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Therapeutic Vaccine for Chronic Hepatitis B Enters Clinical Trial

Transfer, Molecular Targets and Therapeutics, VIRO,

TherVacB, a novel therapeutic vaccine to combat chronic hepatitis B, entered the first clinical trial. The vaccine was designed and developed under the leadership of Helmholtz Munich. This phase 1a clinical trial is conducted at the Division of Infectious Diseases and Tropical Medicine at the LMU University Hospital Munich with the University Medical Center Hamburg-Eppendorf as sponsor of the clinical trial and will investigate the safety and immunogenicity of the novel vaccine candidate in healthy volunteers. The first clinical trial in patients with chronic hepatitis B is being prepared and scheduled to start in 2024.

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Global Challenge: Chronic Hepatitis B Threatens Millions With No Current Cure

Chronic hepatitis B, resulting from infection with the hepatitis B virus (HBV), is an inflammatory liver disease that results in tissue damage. Persistent HBV infection, where the immune system cannot fully eradicate the virus, can lead to continuous liver damage, liver cirrhosis, and even liver cancer. HBV infection has a high global prevalence, particularly in areas where vertical transmission during childbirth is dominant. Transmission occurs through blood, sexual contact, or from mothers to their newborns. The latter is the most frequent cause of chronic infection. The World Health Organization (WHO) estimates that around 296 million people worldwide are living with chronic HBV infections; 820,000 humans die each year from the consequences. Current treatment options involve antiviral medications that help reduce the virus load and liver inflammation but do not provide a curative solution. Furthermore, nucleotide analogs that form the current standard of care must be taken daily and are not universally available worldwide. Consequently, there is an urgent need for curative treatment.

After 12 years of basic research: TherVacB Enters Human Trial

After extensive preclinical testing and the production of the vaccine adhering to the guidelines of ‘Good Manufacturing Practice’, a pivotal milestone was achieved on January 25, 2024, when the first-in-human clinical trial of TherVacB was initiated. This is a phase 1a, open-label, escalating dose study to evaluate the safety and immunogenicity of TherVacB in 24 healthy participants aged 18 to 65 years. Under the sponsorship of the University Medical Center Hamburg-Eppendorf with coordinating investigator Prof. Dr. Marylyn Addo, the Division of Infectious Diseases and Tropical Medicine at the LMU University Hospital Munich (Principal Investigator Dr. Mirjam Schunk) is responsible for conducting the clinical trial. Simultaneously, preparations are underway for applying for the first-in-patient phase 1b/2a trial, aiming to assess the safety and efficacy in patients with chronic hepatitis B. This study is planned to take place in Germany, Italy, Spain, England, and Tanzania and is funded by the European Union as part of a Horizon 2020 research project.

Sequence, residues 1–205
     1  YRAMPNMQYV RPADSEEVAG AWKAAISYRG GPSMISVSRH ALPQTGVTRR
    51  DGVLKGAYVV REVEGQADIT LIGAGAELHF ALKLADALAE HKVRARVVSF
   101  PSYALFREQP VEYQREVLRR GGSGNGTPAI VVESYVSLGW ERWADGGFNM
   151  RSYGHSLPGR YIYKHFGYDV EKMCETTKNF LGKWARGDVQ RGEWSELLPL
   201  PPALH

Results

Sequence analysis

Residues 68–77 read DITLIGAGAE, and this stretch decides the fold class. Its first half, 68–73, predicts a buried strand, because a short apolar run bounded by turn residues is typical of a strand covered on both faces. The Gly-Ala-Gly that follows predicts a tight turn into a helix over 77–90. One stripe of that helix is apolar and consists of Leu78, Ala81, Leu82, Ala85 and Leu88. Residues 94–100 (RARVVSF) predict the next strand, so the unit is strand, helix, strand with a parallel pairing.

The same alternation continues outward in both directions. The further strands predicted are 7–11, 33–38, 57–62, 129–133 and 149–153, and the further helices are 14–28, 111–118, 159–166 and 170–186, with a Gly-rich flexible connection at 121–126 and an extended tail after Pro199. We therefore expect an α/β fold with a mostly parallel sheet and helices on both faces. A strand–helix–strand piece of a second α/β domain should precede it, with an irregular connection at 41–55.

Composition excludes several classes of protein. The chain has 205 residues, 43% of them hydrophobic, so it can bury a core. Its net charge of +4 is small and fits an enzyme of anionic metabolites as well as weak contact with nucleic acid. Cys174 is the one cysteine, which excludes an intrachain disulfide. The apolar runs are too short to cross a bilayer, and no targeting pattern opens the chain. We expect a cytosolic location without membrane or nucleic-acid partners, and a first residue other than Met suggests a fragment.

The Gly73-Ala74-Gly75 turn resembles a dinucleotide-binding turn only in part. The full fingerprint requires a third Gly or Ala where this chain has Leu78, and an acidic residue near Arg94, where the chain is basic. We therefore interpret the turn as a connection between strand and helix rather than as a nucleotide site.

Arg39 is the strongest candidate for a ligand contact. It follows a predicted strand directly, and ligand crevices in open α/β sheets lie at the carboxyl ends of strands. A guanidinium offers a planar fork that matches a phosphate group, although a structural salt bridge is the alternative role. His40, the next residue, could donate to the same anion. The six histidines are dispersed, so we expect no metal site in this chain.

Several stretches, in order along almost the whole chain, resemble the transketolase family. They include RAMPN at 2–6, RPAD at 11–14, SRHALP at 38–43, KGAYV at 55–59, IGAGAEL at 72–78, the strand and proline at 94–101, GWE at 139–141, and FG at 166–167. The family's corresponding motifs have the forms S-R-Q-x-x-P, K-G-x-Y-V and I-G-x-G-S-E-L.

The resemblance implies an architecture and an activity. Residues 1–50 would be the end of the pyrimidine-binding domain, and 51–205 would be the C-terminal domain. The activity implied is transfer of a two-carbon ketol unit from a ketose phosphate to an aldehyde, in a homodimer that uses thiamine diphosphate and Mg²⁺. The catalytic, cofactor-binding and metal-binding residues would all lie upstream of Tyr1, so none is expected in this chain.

TherVacB: Innovative Vaccine Design for Potential Cure

TherVacBis a therapeutic vaccine. Unlike prophylactic vaccines that prevent illnesses, therapeutic vaccines aim to cure an existing disease, such as a chronic infection. Therapeutic vaccines boost the body’s immune system to fight against the disease. Over the past two decades, numerous attempts have been made to develop effective therapeutic hepatitis B vaccines, but none have been successful so far. Researchers found that the hepatitis B virus prevents certain immune cells of the body from becoming effective. Building upon these discoveries, scientists at Helmholtz Munich, in collaboration with the German Center for Infection Research and the Proof-of-Concept Initiative of the Helmholtz Association and the Fraunhofer-Gesellschaft, have developed a novel therapeutic approach to activate these immune cells by therapeutic vaccination to cure chronic HBV infection.

“TherVacB is based on a deep understanding of the challenges of the immune system in chronic HBV infection and is the result of years of dedicated research here in Munich,” says Ulrike Protzer, the leading scientist behind the vaccine. “Our approach is designed to induce exactly the type of immunity required and cover a broad spectrum of over 95% of HBV strains worldwide.”

Further information

Phase 1a clinical trial results are expected to be public by the end of 2024. Read more about the details of the clinical trial. For those who are interested in participating in the TherVacB trial, you can find out more at


About the scientists

Prof. Dr. Ulrike Protzer, Deputy Head of the Molecular Targets and Therapies Center at Helmholtz Munich, Director of the Institute of Virology at Helmholtz Munich and the Technical University of Munich, Professor of Virology at TUM School of Medicine and Health

Prof. Dr. Marylyn Addo, Director of the Institute for Infection Research and Vaccine Development, University Medical Center Hamburg-Eppendorf and Bernhard-Nocht-Institute for Tropical Medicine

Dr. Mirjam Schunk, Head of the Clinical Study Center at the Division of Infectious Diseases and Tropical Medicine, LMU University Hospital Munich